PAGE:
United States District Court, N.D. Illinois, Eastern Division
OPINION AND ORDER
WILLIAM T. HART, UNITED STATES DISTRICT JUDGE
case is before the court on Petitioner Craig Rashaan
Lomax's (Lomax) pro se petition for writ of
habeas corpus (Petition) brought pursuant to 28 U.S.C. §
2254 (Section 2254) and Respondent Michael Melvin's
(Respondent) motion to lift stay and dismiss (Motion). For
the reasons stated below, the Petition is denied and the
Motion is granted.
a jury trial in the Circuit Court of Cook County, Illinois,
Lomax was convicted of two counts of first-degree murder, two
counts of aggravated kidnapping, three counts of armed
robbery, and two counts of aggravated battery. People v.
Lomax, 2011 IL App (1st) 092186-U, ¶ 1. Lomax was
sentenced to two concurrent terms of natural life
imprisonment for the murder convictions, a concurrent
twenty-year sentence for one of the armed robbery
convictions, and two five-year sentences for the aggravated
battery convictions to run consecutively to the armed robbery
sentence. Lomax, 2011 IL App (1st) 092186-U, ¶
8. Lomax filed an appeal contending that the trial court had
erred in denying Lomax's motion to suppress his pre-trial
statements to police, and the trial court's denial of
Lomax's motion and its judgment were affirmed on July 22,
2011. Lomax, 2011 IL App (1st) 092186-U,
¶¶ 1, 21. Lomax then filed a petition for leave to
appeal (PLA) with the Illinois Supreme Court, which was
denied November 30, 2011. People v. Lomax, 962
N.E.2d 486 (table) (Ill. 2011).
filed a post-conviction petition raising an alleged
Brady violation on October 22, 2012 which was
dismissed on December 11, 2012, and the dismissal was
affirmed on December 12, 2014. People v. Lomax, 2014 IL
App (1st) 130477-U, ¶¶ 1, 4, 30. Lomax subsequently
filed a PLA, which was denied March 25, 2015. People v.
Lomax, 31 N.E.3d 771 (table) (Ill. 2015).
then filed a habeas petition in the Circuit Court of Cook
County on July 24, 2015 which was dismissed August 25, 2015.
Pet. pp. 144, 162. Lomax filed a motion for leave to file a
late notice of appeal in the Illinois Appellate Court on
January 12, 2016, which was denied January 22, 2016. Mot. Ex.
then filed a motion for leave to file a successive
post-conviction petition on March 9, 2016 based on the
alleged Brady violation. Mot. Ex. K.
August 29, 2016, Lomax filed the present Petition. Pet. p. 1.
September 28, 2016, the Illinois Supreme Court denied
Lomax's PLA from the Appellate Court denial of
Lomax's motion for leave to file a late notice of appeal
(from the dismissal of Lomax's state habeas petition).
Mot. Ex. J.
October 7, 2016, this court stayed the proceedings regarding
the Petition pending Lomax's ongoing state proceedings.
Circuit Court of Cook County denied Lomax's motion for
leave to file a successive post-conviction petition on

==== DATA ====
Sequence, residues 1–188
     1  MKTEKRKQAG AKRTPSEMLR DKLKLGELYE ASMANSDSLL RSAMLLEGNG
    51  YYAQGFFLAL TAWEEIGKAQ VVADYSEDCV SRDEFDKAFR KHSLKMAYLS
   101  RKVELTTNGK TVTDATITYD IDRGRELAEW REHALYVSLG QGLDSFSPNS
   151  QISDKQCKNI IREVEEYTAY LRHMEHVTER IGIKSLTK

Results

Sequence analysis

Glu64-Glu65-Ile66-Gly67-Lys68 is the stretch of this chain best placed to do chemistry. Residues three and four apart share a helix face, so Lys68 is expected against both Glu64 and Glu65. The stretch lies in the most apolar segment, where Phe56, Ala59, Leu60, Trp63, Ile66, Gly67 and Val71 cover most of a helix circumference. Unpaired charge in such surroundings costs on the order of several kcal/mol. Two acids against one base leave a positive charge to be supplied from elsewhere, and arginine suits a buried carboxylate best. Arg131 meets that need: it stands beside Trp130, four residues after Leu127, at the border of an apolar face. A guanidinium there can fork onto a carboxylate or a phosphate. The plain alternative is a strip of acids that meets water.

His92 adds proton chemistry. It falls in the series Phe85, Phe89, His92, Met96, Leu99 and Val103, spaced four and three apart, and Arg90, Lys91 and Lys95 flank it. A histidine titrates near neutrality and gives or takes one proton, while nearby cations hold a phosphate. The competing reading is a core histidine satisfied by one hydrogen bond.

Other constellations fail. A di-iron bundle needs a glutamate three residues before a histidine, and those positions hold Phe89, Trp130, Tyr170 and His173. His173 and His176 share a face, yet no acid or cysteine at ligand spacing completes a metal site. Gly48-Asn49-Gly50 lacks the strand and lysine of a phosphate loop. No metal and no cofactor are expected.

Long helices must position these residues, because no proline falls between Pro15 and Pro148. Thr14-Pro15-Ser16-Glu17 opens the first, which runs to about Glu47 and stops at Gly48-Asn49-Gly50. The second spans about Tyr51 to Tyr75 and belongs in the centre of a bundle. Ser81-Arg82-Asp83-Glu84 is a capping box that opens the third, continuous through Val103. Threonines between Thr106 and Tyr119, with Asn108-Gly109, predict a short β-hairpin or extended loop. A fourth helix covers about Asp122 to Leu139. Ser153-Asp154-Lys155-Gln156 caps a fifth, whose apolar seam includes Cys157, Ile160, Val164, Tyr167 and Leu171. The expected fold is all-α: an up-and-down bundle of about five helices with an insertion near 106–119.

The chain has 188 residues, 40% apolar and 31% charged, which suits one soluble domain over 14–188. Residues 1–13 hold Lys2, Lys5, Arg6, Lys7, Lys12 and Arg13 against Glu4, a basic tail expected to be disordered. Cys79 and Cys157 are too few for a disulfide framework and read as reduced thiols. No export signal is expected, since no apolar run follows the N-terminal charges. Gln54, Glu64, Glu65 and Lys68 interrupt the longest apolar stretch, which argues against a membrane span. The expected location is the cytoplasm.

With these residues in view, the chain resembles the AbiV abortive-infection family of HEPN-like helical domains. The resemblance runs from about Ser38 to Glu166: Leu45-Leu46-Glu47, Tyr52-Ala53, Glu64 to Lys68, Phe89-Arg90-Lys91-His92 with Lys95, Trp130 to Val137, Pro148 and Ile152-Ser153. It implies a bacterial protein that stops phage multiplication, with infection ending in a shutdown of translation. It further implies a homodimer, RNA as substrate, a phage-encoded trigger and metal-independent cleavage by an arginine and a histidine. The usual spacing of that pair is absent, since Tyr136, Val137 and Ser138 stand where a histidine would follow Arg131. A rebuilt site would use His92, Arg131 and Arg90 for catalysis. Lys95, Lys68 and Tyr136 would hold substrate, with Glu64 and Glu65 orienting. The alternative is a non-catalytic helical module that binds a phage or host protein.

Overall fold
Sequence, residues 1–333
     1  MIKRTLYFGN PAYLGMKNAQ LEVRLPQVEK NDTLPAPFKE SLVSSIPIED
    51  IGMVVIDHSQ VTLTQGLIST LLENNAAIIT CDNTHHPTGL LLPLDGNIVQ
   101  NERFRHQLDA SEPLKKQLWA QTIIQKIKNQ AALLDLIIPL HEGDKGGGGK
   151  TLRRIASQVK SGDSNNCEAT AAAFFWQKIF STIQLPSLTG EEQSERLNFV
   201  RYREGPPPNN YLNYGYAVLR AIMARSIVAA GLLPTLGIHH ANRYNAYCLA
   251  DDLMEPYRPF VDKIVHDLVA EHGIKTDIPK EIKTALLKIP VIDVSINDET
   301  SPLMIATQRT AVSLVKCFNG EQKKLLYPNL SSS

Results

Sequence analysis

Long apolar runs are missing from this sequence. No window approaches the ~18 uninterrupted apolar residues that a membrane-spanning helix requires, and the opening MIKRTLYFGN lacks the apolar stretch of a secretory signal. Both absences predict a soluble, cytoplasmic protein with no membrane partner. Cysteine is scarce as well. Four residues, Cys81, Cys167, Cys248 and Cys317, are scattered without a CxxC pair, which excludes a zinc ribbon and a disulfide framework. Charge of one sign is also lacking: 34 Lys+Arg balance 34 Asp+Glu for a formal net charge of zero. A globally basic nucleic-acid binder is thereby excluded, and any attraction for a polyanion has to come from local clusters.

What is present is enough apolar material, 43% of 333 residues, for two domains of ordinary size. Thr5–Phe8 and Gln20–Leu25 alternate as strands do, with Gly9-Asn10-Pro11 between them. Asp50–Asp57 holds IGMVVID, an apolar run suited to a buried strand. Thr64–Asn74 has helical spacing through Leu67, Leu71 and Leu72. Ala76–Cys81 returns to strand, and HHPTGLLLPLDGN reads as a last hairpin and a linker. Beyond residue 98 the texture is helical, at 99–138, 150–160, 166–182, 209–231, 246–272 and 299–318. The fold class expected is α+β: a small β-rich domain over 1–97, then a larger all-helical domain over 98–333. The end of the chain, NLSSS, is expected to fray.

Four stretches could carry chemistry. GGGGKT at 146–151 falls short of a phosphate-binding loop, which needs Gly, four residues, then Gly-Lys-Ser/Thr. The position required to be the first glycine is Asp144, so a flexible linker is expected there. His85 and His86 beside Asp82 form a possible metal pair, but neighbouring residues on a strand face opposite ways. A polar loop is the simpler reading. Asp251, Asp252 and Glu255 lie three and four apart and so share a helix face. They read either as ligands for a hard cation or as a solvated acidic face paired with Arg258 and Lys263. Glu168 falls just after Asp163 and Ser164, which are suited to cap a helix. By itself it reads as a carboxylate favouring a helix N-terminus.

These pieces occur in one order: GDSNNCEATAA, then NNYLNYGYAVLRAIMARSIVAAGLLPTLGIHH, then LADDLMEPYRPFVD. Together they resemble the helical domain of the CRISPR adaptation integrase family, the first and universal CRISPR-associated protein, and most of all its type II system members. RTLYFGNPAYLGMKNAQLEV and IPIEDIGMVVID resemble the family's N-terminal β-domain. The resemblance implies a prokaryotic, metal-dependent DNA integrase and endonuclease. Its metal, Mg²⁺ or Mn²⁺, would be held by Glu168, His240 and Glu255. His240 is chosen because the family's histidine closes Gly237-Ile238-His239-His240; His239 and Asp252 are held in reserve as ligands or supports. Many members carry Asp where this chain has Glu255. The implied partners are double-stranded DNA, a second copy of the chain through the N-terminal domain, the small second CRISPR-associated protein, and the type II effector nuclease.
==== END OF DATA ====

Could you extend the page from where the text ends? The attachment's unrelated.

September 22, 2017. Mot. Ex. L.
Respondent moves to lift the stay and dismiss the Petition on
the ground that it is untimely. See 28 U.S.C. §
individual in custody pursuant to state court judgment may
seek a writ of habeas corpus pursuant to Section 2254, which
provides the following:
An application for a writ of habeas corpus on behalf of a
person in custody pursuant to the judgment of a State court
shall not be granted with respect to any claim that was
adjudicated on the merits in State court proceedings unless
the adjudication of the claim--(1) resulted in a decision
that was contrary to, or involved an unreasonable application
of, clearly established Federal law, as determined by the
Supreme Court of the United States; or (2) resulted in a
decision that was based on an unreasonable determination of
the facts in light of the evidence presented in the State
28 U.S.C. § 2254(d). The decision made by a state court
is deemed to be contrary to clearly established federal law
“‘if the state court applies a rule different
from the governing law set forth in [Supreme Court] cases, or
if it decides a case differently than [the Supreme Court has]
done on a set of materially indistinguishable
facts.'” Emerson v. Shaw, 575 F.3d 680,
684 (7th Cir. 2009)(quoting Bell v. Cone, 535 U.S.
685, 694 (2002)). The decision by a state court is deemed to
involve an unreasonable application of clearly established
federal law “‘if the state court correctly
identifies the governing legal principle from [Supreme Court]
decisions but unreasonably applies it to the facts of the
particular case.'” Emerson, 575 F.3d at
684 (quoting Bell, 535 U.S. at 694).
court has liberally construed Lomax's pro se
filings. See Parker v. Four Seasons Hotels, Ltd.,
845 F.3d 807, 811 (7th Cir. 2017)(stating that a “trial
court is obligated to liberally construe a pro se
plaintiff's pleadings”)(citing Erickson v.
Pardus, 551 U.S. 89, 94 (2007); Kelley v.
Zoeller, 800 F.3d 318, 325 (7th Cir. 2015); Nichols
v. Mich. City Plant Planning Dep't, 755 F.3d 594,
500 (7th Cir. 2014)); Greer v. Board of Educ. of City of
Chicago, Ill., 267 F.3d 723, 727 (7th Cir.
2001)(indicating that a court should “liberally
construe the pleadings of individuals who proceed pro
se”). Lomax asserts in the Petition: that the
State committed a Brady violation by failing to
disclose that it had paid to relocate one of its witnesses
(Claims 1 and 4), that Lomax's ...